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Updated: Mar 6, 2018

It’s been less than twenty-four hours since Emerald City Comic Con and my brain is still buzzing. I have a bad habit of putting off the convention post-action summaries, only to try pulling out the memory-threads one by one weeks later when they’ve gone stale and dry, so this time I’m getting it down while everything is fresh, with a bit of a meditational on what I got to learn. It’s also a bit of a musing on depression, anxiety, and what those things can do in this line of work.

Normally conventions take a lot out of me. I’m a pretty introverted person, and especially with a big con, there’s a leech-like drain on my energy that lingers for weeks afterwards as I crawl for cover and the silence of solitude, but this one was a doozy for a number of reasons, and I’m still humming.

There’s really two reasons that I—personally—attend conventions. The first is the face-time with fans, and the second is face-time with the friends you have in the industry and the people you’ve wanted to meet. Anyone who has written professionally will tell you that this is a seriously lonely job, and one where a sense of fulfillment and external validation are both rare and in short supply. Even introverted humans are still social creatures, and anybody who tells you they need no approval or opinion from other people is either in denial (often), lying to you (rarer), or a psychopath (something to the tune of less than 2% of the population). ECC2018 gave me more of both than I’ve gotten in awhile.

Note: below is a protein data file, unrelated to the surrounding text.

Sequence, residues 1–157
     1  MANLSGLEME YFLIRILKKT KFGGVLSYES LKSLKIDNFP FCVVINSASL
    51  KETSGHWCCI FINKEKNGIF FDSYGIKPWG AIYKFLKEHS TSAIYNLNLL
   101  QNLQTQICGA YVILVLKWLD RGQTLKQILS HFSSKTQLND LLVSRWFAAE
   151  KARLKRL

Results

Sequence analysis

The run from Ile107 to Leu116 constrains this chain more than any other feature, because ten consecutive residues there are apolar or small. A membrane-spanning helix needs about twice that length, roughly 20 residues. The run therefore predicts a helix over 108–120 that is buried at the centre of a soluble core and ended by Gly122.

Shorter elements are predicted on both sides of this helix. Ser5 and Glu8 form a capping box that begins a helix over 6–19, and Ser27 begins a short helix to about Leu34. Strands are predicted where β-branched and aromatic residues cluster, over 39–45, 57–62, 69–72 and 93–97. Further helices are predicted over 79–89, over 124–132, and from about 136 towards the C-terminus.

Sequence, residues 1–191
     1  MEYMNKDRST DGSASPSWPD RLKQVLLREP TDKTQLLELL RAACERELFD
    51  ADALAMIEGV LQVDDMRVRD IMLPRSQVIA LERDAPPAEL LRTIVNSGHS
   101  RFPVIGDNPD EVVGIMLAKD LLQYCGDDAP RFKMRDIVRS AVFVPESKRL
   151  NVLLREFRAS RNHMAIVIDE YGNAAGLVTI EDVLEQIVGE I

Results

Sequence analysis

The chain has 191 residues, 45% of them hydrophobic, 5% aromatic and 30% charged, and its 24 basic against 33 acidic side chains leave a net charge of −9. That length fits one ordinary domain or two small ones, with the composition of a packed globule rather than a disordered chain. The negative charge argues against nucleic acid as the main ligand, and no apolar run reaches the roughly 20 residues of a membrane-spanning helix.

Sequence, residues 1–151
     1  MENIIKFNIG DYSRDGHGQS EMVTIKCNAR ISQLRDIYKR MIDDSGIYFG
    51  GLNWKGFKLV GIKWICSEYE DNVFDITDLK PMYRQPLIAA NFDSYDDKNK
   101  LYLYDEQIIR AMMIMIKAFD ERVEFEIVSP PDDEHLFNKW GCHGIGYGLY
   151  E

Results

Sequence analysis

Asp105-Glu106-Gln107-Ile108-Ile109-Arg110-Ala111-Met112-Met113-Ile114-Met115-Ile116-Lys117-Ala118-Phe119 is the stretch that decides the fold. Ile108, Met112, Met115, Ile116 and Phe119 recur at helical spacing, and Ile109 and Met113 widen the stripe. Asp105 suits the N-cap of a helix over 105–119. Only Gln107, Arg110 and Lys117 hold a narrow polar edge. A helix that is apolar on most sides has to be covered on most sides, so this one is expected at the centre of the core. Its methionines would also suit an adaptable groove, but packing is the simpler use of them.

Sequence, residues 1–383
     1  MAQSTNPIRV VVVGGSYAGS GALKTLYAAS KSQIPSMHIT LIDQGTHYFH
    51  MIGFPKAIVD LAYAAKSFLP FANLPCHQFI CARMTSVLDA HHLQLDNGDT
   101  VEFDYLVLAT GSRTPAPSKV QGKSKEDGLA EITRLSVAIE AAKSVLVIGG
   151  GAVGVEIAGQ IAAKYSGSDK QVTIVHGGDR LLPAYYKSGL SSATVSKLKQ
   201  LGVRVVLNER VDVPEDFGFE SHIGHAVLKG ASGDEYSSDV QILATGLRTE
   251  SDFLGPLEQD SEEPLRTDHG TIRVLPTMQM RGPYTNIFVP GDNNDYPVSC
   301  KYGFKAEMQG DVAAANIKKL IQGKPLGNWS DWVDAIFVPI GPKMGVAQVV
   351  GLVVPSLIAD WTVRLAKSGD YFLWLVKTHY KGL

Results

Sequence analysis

I had two panels on Thursday, one with my fellow AR authors Jay Posey, Sean Grigsby, Carrie Patel, “Writing lessons from gaming” that went great. Being in a room full of people asking good questions is energizing for me. Scary, sometimes, but energizing. There’s a hundred blogs I could write on the intersection point between video games, tabletop Gaming/playing, and writing fiction. Now I have another hundred more.

But on the subject of good questions and fan interaction, this was the audience of the evening panel I moderated called “How to write what you don’t know.”


That was the room before it filled up. There were 160 people in there. On a Thursday at even a big convention, this is insane. It was my first time as a moderator, and my panelists were Melissa Olson, Paul Krueger, T.Jane Berry, Carrie Patel, and Tristan Palmgren. I think I’m spoiled. This panel was a big deal for me, in part because it was my idea, but also because the subject is important to me. Unless we work exclusively from within our experience and areas of expertise, writing good fiction always requires research. Given that our society is in the middle of seriously examining what looking through others eyes means, it’s by definition going to be hard. The further afield you need to go from your own experience, and the more earnest you are in doing respect to others lived experiences, the more nerve wracking this process can be.

This could be a blog post all by itself, so I’ll keep it brief, but in addition to getting to know my fellow panelists better than I did at the start (which is always a reward), I walked away genuinely better educated about something that matters to me. That’s like an adrenaline shot straight to the heart for me. Just, y’know, without the gigantic needles and the infection risk. The audience asked really good questions. My panelists gave really good answers. It was everything I’d hoped and more.

^These two guys, man. These two guys are the best.